1. Eat Regularly– Don’t skip meals or go longer than six hours without eating. When you don’t eat, blood sugar drops and the body goes into crisis mode. To avoid blood sugar lows which lead to craving more sugar, eat a minimum of three times a day. Four to six small meals per day is optimal
2. Eat Protein– Every time you eat have a little bit of protein (approximately the size of your palm). This helps stabilize blood sugar, when blood sugar is balanced you are less likely to crave sugar. Examples of protein are; meat, poultry, fish, peanut butter, eggs, dairy, nuts.
3. Supplement with L-Glutamine– L-Glutamine is an amino acid and it is notorious for these two things. Heals leaky gut– L-Glutamine helps to repair the intestinal lining (gut permeability) in food allergy patients, candida, antibiotic use, parasite issues AND sugar use. Sugar makes the gut more permeable (not a good thing) this can contribute to cravings because the body isn’t absorbing what you are eating. Limits Cravings– L-Glutamine is supplemented specifically to reduce alcohol and sugar cravings. You can find L-Glutamine in capsules and powder form in any health food store, but I like this pharmaceutical-grade company, Vital Nutrients Glutamine 1000mg 100 Capsules
4. Take a Multi-Mineral– When we eat alot of sugar it strips the body of all minerals, especially chromium (which plays a role in insulin/blood sugar metabolism) and magnesium. Chocolate is high in magnesium, sometimes people crave chocolate when their body is just seeking more magnesium.
5. Read Labels– Always look at the nutrition facts to see how many sugar grams are in the product. In general anything over 10 grams of sugar per serving is ALOT of sugar! Regular soda has approximately 34 grams of sugar per 8 oz can. When you eat sugar, eat the real thing! For example eat REAL ice cream, instead of sugar free ice cream with aspartame. The Journal of Obesity found that nutra-sweet/aspartame promotes cravings. Eat REAL dark chocolate instead of milk chocolate candy bars with high fructose corn syrup (much sweeter than regular sugar). Eat homemade baked goods instead of packaged highly sweetened desserts. Often the more sugar we ingest the more sugar we crave.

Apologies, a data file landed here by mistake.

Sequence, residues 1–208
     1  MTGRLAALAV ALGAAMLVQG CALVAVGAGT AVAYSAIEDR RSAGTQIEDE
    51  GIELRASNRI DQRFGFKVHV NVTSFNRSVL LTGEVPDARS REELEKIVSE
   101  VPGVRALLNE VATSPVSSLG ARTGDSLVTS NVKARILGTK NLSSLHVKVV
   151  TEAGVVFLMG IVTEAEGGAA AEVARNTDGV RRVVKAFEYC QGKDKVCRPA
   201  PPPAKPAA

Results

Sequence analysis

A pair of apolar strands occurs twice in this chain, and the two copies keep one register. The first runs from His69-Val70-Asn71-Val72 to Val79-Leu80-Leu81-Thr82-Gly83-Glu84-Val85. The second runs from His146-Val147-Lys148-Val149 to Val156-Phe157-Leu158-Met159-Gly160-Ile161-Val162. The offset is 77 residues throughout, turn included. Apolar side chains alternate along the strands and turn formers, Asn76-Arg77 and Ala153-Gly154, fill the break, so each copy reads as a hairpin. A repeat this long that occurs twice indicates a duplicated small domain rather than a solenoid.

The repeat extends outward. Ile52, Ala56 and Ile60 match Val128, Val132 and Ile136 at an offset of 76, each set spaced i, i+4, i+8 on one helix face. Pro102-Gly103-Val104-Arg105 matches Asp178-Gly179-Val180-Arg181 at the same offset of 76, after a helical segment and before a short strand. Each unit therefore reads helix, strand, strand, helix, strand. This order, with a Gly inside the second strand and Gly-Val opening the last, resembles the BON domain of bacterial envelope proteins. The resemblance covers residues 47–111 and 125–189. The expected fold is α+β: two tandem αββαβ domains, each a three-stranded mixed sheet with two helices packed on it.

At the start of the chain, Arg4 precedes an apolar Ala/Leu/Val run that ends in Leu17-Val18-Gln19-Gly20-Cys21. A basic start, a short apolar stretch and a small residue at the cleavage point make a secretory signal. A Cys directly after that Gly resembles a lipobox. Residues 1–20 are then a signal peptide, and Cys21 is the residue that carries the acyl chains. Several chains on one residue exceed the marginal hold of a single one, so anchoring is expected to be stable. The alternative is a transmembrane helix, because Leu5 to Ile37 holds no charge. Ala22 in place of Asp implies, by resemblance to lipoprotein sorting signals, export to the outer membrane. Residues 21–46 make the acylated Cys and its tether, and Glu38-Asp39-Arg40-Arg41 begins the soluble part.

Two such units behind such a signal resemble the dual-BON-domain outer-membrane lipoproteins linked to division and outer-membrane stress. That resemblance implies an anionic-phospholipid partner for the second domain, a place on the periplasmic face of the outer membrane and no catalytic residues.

6. Replace Electrolytes– Sugar disrupts the body’s electrolyte balance, the body may be trying to bring electrolytes back into balance, but we think we’re craving sugar instead. I’m a fan electrolytes. You can take them in a liquid or powder form to help alkalize and add minerals. Two things sugar depletes.
7. Eat Fat! Fat will slow the absorption of sugar into the blood stream, it gives the body a feeling of satiety, and it feeds the neurotransmitters in the brain that fire off the craving signals. Examples of fats are: butter, olive oil, nuts and seeds, vegetable oils, fish oils, dairy products.
8. Boost Serotonin and Dopamine– According to Eric Braverman M.D. one of the first symptoms of a Dopamine (neurotransmitter) deficiency is binging on sweets and caffeine. Serotonin (another major neurotransmitter) controls cravings. Braverman’s book, The Edge Effect: Achieve Total Health and Longevity with the Balanced Brain Advantage is an excellent resource for diet, vitamins and supplements, lifestyle and environmental factors to balance brain chemistry. The brain is the master switch that turns cravings on and off.
9. Sleep & Stay Hydrated – Often we want something sweet when we’re tired or dehydrated. Drink adequate water throughout the day and get deep rejuvenating sleep at night (7-9 hours).
10. Maximize Sweet Experiences Not Sweet Food– Sometimes a sweet craving has nothing to do with a candy bar and has everything to do with needing more “sweetness” in our relationships, environments, work lives, or play. It might be necessary to ask yourself, “what am I craving in my life, that has nothing to do with food?” For example, love, appreciation, touch, fun.